In keeping with the spirit of renewal in the South African wine industry, in recent years over 40% of the vineyards were replanted as the industry has realigned its product to compete globally, moving from volume production to noble cultivars and quality wines. South African vineyards were once dominated by white grape varieties but the predominantly red new plantings shifted that. In the last four years, winegrowers have started planting more whites than reds, a reversal of the 10-year trend to planting more reds.
Noble varieties which have been cultivated increasingly in the past few years include Sauvignon Blanc and Chardonnay, which produce top-class white wines, and Shiraz and Pinot Noir.
Although most of the vine varieties cultivated here today were originally imported, up to now six local crossings have been released. The best known of these is a red variety, Pinotage, a cross between Pinot Noir and Hermitage (Cinsaut), which more recently is being cultivated locally on a fairly large scale.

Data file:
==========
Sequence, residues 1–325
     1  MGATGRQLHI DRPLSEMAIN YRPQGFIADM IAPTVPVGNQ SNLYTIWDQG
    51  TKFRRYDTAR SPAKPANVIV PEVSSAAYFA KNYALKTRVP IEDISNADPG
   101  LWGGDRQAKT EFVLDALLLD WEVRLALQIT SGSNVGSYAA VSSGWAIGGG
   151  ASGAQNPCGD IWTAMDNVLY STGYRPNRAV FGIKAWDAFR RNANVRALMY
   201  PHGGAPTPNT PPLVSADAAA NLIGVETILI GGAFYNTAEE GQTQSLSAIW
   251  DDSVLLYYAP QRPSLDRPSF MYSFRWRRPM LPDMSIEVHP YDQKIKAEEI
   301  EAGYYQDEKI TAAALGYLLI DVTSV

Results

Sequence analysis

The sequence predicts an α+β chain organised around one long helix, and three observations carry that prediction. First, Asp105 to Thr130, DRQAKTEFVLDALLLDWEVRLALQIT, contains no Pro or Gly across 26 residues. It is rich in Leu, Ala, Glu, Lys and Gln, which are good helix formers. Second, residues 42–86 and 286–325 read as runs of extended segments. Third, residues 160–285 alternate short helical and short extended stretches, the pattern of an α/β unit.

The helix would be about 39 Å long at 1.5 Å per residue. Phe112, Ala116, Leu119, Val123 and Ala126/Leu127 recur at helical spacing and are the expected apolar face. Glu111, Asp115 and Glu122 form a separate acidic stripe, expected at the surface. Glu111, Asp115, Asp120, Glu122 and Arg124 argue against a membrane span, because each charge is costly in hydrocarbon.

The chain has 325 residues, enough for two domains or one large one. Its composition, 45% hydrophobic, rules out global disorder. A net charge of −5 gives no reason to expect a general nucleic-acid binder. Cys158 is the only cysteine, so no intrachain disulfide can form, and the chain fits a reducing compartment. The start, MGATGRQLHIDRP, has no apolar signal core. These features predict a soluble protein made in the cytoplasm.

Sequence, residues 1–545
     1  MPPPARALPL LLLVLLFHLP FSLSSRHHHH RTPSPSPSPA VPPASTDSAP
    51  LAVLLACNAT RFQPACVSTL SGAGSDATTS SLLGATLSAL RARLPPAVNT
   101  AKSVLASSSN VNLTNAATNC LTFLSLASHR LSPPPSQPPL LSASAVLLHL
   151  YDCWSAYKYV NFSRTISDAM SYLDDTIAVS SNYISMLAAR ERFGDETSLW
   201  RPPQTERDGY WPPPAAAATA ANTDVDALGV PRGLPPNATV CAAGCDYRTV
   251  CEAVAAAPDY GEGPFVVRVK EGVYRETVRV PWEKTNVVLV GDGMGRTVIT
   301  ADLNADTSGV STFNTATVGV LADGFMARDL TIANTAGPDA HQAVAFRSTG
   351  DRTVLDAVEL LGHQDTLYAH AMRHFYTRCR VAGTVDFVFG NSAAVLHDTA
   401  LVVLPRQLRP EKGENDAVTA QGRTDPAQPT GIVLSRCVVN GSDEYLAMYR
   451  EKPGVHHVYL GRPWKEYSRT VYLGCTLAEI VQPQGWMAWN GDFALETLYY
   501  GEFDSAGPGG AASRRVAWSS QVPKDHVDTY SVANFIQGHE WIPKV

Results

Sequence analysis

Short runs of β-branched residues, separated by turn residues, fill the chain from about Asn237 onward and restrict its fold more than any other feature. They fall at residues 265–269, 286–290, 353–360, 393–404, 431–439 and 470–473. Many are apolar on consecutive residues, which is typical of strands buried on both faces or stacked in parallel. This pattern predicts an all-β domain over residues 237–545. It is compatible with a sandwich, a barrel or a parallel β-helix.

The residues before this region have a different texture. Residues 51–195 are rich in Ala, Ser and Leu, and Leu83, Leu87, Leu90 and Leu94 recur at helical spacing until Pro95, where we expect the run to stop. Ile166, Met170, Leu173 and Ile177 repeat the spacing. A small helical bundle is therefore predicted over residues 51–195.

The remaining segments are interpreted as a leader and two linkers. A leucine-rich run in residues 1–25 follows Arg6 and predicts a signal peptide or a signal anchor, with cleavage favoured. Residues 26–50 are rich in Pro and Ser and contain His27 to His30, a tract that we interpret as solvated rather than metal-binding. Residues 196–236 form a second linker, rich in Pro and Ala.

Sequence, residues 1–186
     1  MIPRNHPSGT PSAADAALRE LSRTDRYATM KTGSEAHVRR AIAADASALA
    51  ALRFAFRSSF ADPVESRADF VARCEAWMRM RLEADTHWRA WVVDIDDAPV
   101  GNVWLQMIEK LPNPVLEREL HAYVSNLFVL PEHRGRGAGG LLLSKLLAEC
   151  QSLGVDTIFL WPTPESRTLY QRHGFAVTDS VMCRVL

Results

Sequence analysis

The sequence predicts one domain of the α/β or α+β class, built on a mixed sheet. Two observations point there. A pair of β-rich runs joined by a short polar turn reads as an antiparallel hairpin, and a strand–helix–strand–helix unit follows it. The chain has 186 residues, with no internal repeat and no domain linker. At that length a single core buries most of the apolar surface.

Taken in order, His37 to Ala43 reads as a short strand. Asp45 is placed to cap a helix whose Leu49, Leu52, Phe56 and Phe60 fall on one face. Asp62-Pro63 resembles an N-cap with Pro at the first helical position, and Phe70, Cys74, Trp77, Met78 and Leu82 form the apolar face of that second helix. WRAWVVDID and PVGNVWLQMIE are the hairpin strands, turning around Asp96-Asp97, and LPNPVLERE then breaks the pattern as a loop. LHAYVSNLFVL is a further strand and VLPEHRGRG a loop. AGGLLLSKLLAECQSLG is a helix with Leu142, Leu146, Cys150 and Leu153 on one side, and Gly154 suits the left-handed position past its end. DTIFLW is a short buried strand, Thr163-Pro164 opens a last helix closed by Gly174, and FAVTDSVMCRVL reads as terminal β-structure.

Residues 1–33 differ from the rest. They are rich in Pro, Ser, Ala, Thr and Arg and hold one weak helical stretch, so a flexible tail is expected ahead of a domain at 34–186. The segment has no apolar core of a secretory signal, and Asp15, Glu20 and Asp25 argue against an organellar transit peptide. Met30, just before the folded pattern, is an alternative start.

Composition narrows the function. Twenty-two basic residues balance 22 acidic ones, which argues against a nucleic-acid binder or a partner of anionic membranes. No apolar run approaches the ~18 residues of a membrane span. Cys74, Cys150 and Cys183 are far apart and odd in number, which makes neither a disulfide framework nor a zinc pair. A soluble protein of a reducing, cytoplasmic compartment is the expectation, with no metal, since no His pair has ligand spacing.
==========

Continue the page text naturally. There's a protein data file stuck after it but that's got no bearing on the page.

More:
The Stellenbosch region has the most vineyard plantings with 16.4%, followed by Paarl (16.0%), Robertson (13.9%), Swartland (13.4%), Breedekloof (13.8%), Olifants River (10.2%), Worcester (7.2%), Cape South Coast (2.8%), Northern Cape (3.8%) and Klein Karoo (2.4%).
The Breedekloof region currently produces the most wine (20.5%), followed by Robertson (15.6%), Olifants River (14.2%), Worcester (12.9%), Paarl (11.0%), Stellenbosch (10.3%), Northern Cape (6.4%), Swartland (6.5%), Klein Karoo (1.8 %) and Cape South Coast (0.7%).